HPD chief visits DC to meet about immigration issues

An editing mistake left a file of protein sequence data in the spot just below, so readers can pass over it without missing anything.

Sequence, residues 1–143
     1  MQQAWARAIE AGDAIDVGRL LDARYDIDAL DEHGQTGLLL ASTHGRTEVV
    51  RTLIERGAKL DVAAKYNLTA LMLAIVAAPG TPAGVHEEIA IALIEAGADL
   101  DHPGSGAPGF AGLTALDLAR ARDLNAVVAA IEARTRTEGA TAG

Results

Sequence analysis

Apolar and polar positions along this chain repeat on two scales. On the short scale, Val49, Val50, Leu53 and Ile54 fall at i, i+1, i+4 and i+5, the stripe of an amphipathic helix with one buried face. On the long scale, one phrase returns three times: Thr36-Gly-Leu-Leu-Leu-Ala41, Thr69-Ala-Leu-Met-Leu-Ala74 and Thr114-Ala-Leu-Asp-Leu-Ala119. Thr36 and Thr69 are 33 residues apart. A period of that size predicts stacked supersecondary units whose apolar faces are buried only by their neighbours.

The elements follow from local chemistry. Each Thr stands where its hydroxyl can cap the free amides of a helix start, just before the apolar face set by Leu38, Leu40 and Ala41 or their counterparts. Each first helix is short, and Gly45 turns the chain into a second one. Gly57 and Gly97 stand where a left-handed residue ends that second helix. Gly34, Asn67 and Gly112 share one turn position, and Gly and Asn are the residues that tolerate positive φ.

HOUSTON On Wednesday, Houston Police Chief Charles McClelland joined police chiefs from nine other cities to meet with the U.S. Attorney General over concerns about immigration. The chief's trip was funded in part by the Police Executive Research Forum, a group that shares a general consensus of concern over the new immigration law in Arizona. As police chief after police chief voiced concern over the Arizona law, Chief McClelland seemed to sound neutral on the issue. "I think the federal government should bring clarity to this issue and define the roles of federal state and local law enforcement agencies and then support it with resources with whatever decision that they make," he said in D.C. on Wednesday. Back here in Houston, one city council member found it concerning the chief would associate himself to those with such opposition to the law. "I don't think our Houston police chief needs to be in D.C. lobbying against this," said Council Member Mike Sullivan. He believes that Houston needs to follow something similar to what Arizona passed, giving more authority to officers to enforce immigration laws. Currently, Houston police officers are not allowed to ask a person's legal status until they end up in jail. "Houston has said that it's not a sanctuary city for years, but we continue to act like one," said Sullivan. In recent years, the Houston Police Department has seen numerous officers die at the hands of illegal immigrants, including Officer Henry Canales, whose case is being heard this week. The Houston Police Officers' Union supports tougher local authority. "The officers want the tool to be able to ask this in the event that we need to," said Ray Hunt of the HPOU. However, civil rights groups fear expanding immigration laws locally would lead to profiling. There's also the issue of expending resources to do a job most agree is a federal issue. Council Member C.O. Bradford says he doesn't blame Chief McClelland for seeking a little advice. "I would say let's do it all, but unfortunately, in today's environment, we don't have those types of resources," said Bradford. "What do you want your local officers doing? How do you want them spending their time?" An HPD spokesperson said the chief has no position on the Arizona immigration law. We also spoke with a spokesperson from Houston Mayor Annise Parker's office who told us she has no interest in any similar law here in Houston. The U.S. Department of Justice is looking into whether the law is unconstitutional. The Justice Department concluded Arizona overstepped its authority by enforcing the immigration law and that the law has potential for abuse. On Tuesday, the president said he plans to send 1,200 National Guard troops to the U.S.-Mexico border. He also plans to request $500 million for border protection. Critics argue that it's simply not enough to secure the border.